Researchers in Washington and California decided to test some American milk samples for the presence of radioactive iodine and, sure enough, they came back positive. But don't freak out: Even though the iodine hails from Fukushima Daiichi, the melting nuclear plant in Japan, its present in U.S. milk is "at levels far below those at which action would have to be taken." In fact, it would need to be present at levels 5,000 times higher to even reach the minimum “intervention level” set by the FDA. Tests confirmed that the milk is still safe to drink.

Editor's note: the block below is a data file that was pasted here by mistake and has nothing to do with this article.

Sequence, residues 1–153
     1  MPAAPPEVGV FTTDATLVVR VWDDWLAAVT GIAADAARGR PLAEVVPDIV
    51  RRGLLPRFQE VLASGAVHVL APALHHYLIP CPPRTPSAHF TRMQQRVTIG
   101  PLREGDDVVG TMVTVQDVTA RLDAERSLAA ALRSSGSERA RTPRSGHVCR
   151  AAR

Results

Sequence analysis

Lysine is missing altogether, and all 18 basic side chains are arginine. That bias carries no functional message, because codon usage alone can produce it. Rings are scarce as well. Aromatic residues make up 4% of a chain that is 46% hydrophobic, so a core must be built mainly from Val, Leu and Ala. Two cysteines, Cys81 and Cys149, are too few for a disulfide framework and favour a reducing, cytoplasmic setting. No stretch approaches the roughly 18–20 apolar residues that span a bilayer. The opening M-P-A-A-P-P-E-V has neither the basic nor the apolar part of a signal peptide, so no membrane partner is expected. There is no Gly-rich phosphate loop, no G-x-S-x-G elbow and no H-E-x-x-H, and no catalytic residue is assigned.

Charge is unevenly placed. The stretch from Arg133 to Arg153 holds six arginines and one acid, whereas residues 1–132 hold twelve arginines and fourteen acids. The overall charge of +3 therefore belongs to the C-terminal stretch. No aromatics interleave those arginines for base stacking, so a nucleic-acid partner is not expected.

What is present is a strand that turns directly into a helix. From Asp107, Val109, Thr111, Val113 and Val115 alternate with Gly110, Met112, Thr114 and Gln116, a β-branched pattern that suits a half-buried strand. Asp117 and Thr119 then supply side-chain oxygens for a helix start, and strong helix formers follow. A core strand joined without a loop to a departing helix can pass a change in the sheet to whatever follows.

The iodine was most likely blown over in the air from Japan and then deposited on grass eaten by cows, ending up in our milk supply. The U.S. Environmental Protection Agency is increasing its nationwide monitoring of radiation from here on out, although FDA senior scientist Patricia Hansen said the iodine findings are "minuscule" compared to what people experience every day. Huh, we're experiencing levels of radioactive iodine daily? This is news to us.